1

I have to create some "tabs" in QML which should have rounded corners at the top and a border all over it :

enter image description here

I managed to create the rounded rectangle by using 2 rectangles :

(the tabs are part of a listview)

 ListView {
    id: listView
    anchors.fill: parent
    orientation: ListView.Horizontal
    spacing: Math.floor(0.60 * parent.width / 100)

    model: TabsModel{}

    delegate: TabsDelegate {

        height: parent.height

    }
}

The delegate which is the actual tab :

Item {
    id: root

    width: 200

    Rectangle {
        id: topRect
        anchors.fill: parent
        radius: 5
        color: backgroundColor
        /*border.width: 1
        border.color: borderColor*/
    }

   Rectangle {
        id: bottomRect
        anchors.bottom: parent.bottom
        anchors.left: topRect.left
        anchors.right: topRect.right
        height: 1 / 2 * parent.height
        color: backgroundColor
        /*border.width: 1
        border.color: borderColor*/
    }

    Text {
        id: text
        anchors.verticalCenter: parent.verticalCenter
        anchors.left: parent.left
        anchors.leftMargin: spaceBefore
        text: label
        color: textColor
    }
}

With this code i have the following result :

enter image description here

Obviously if i add the borders , i end up with with a border in the middle of my tabs : enter image description here

Any ideas how i can manage to get what i want in qml ?

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2

You can simply add another Rectangle (between bottomRect and text) to hide the middle border:

Rectangle {
    anchors {
        fill: bottomRect
        leftMargin: bottomRect.border.width
        bottomMargin: bottomRect.border.width
        rightMargin: bottomRect.border.width
    }
    color: backgroundColor
}
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1

You could use a single rectangle if you can get away with tucking its bottom edge under something on the GUI. That's about all you can do out of the box as QML doesn't support custom corner angling. Granted, you can try covering that line up with yet another third rectangle, but that's clearly the wrong and messy approach you shouldn't be taking.

Otherwise you will have to do manual painting.

There is a number of options here.:

1 - use Canvas to draw from QML, and use that graphic with a BorderImage, which will allow you to use the same, single time painted elements to drive an arbitrary size label. You can also use an image generated by a 3rd party program, but drawing it in QML is more flexible

2 - use QQuickPaintedItem and draw the entire tab with C++ and QPainter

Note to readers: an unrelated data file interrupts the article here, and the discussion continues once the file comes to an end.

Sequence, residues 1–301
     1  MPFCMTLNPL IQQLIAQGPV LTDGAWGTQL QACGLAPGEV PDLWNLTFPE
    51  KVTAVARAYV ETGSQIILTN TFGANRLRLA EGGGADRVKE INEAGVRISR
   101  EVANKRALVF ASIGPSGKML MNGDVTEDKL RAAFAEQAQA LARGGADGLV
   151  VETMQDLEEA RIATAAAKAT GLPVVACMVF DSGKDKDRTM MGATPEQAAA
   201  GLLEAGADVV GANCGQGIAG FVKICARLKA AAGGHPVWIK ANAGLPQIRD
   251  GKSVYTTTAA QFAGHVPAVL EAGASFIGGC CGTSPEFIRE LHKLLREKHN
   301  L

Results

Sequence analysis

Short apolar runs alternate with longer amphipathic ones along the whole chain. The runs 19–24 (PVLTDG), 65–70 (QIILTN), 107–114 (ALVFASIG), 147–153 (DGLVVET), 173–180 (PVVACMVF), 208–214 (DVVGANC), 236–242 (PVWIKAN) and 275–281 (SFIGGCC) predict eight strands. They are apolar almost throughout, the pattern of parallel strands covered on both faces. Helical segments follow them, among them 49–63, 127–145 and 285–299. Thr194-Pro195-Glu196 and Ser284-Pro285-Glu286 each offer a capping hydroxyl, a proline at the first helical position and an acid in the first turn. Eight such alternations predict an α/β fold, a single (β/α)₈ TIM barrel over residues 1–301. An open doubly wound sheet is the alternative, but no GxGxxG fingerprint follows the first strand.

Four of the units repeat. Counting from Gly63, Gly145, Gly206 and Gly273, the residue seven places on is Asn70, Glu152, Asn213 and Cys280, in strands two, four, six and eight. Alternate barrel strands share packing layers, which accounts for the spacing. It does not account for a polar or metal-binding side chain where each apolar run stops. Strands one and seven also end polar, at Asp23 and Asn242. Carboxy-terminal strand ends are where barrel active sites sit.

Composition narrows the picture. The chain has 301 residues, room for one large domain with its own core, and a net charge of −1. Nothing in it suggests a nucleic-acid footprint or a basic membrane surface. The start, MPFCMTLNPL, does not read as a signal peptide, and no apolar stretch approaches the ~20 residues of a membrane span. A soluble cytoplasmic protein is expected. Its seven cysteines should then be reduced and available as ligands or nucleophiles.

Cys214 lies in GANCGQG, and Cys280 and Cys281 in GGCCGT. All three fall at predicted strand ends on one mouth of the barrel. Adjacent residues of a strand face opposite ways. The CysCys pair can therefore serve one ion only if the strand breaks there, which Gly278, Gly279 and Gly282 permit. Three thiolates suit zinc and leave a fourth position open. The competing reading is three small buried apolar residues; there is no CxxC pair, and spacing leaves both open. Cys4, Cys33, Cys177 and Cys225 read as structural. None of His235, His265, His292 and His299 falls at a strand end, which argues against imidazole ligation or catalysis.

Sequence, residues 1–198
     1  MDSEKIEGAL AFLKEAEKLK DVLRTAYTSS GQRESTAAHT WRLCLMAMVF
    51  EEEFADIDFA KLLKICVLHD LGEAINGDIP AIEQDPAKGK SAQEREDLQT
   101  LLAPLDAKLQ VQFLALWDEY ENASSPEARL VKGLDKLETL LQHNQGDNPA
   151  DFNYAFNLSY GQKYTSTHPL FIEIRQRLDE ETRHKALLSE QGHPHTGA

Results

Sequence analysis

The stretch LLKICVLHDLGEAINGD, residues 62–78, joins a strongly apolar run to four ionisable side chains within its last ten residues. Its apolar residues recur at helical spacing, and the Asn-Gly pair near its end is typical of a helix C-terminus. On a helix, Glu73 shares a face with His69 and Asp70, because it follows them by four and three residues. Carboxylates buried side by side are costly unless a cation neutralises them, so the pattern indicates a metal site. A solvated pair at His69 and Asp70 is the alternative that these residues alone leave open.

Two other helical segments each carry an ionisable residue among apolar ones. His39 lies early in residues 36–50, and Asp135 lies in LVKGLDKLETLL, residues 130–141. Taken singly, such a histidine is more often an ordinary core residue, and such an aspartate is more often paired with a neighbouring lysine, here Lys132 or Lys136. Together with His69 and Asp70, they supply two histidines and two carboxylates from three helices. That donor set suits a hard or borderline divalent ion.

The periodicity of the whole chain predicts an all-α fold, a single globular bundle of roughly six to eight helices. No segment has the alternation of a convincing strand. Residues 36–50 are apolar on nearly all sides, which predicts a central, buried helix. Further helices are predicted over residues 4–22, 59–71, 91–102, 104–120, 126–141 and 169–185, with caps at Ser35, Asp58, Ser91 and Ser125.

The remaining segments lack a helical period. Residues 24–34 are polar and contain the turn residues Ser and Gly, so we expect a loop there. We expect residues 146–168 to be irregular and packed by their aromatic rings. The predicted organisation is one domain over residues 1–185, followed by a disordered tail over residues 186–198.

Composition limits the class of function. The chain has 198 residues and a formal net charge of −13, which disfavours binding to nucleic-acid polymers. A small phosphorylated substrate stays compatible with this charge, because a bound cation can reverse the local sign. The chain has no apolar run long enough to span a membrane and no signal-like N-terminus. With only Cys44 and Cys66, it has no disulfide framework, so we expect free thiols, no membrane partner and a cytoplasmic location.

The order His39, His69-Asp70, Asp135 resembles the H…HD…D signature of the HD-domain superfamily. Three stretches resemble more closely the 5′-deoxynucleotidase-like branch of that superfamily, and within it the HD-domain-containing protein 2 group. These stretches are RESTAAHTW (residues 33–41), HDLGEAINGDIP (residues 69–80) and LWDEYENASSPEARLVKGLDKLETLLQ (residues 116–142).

3 - implement a proper QQuickItem that generates the needed geometry and renders the item efficiently with the QML scene graph in OpenGL.

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  • For the third Rectangle: messy option yes, but why wrong? It's always how I did it since it's the easiest way to deal with different radius for the corners (even if it's indeed annoying). – augre Jun 1 '18 at 13:53
  • Because instead of getting one clean item you make a mess of two item, covered by yet another item. 3 objects is more than 1, and 1 is all you really need. Those objects consume system resources and add needless complexity. Doing things wrong and then even more things wrong to cover it up is not a sound strategy in software engineering. – dtech Jun 1 '18 at 14:03
  • Hiding the bottom part is not really an option because i need the bottom border. I managed to to it with 2 rectangles. The top rectangle go under an other part of the ui as you suggested while the bottom rectangle is set to 1px heigt to draw the bottom border. – grunk Jun 1 '18 at 14:27
  • @dtech Would any of the other options be much less resource consuming? For example I tried to search a bit and found here another of your answers about a rounded Rectangle created with a QPainter. Don't you need to add several rectangles to the path to differenciate the borders (as also done in this answer)? Wouldn't it take the same amount of resources as using 3 Rectangles in QML? I am not really familiar with drawing with QPainter so I would be interested to have your opinion on it. – augre Jun 1 '18 at 14:32
  • From my answer, 1 is the best compromise between complexity and efficiency, because it only draws once and then reuses the pixel data to stretch it as required. 2 is the "half assed solution" really, and 3 is the most efficient, albeit the most complex. Also, in 1 you can also use shaders to colorize the result in any desired color and still use only one source image for the stencil. – dtech Jun 4 '18 at 21:59

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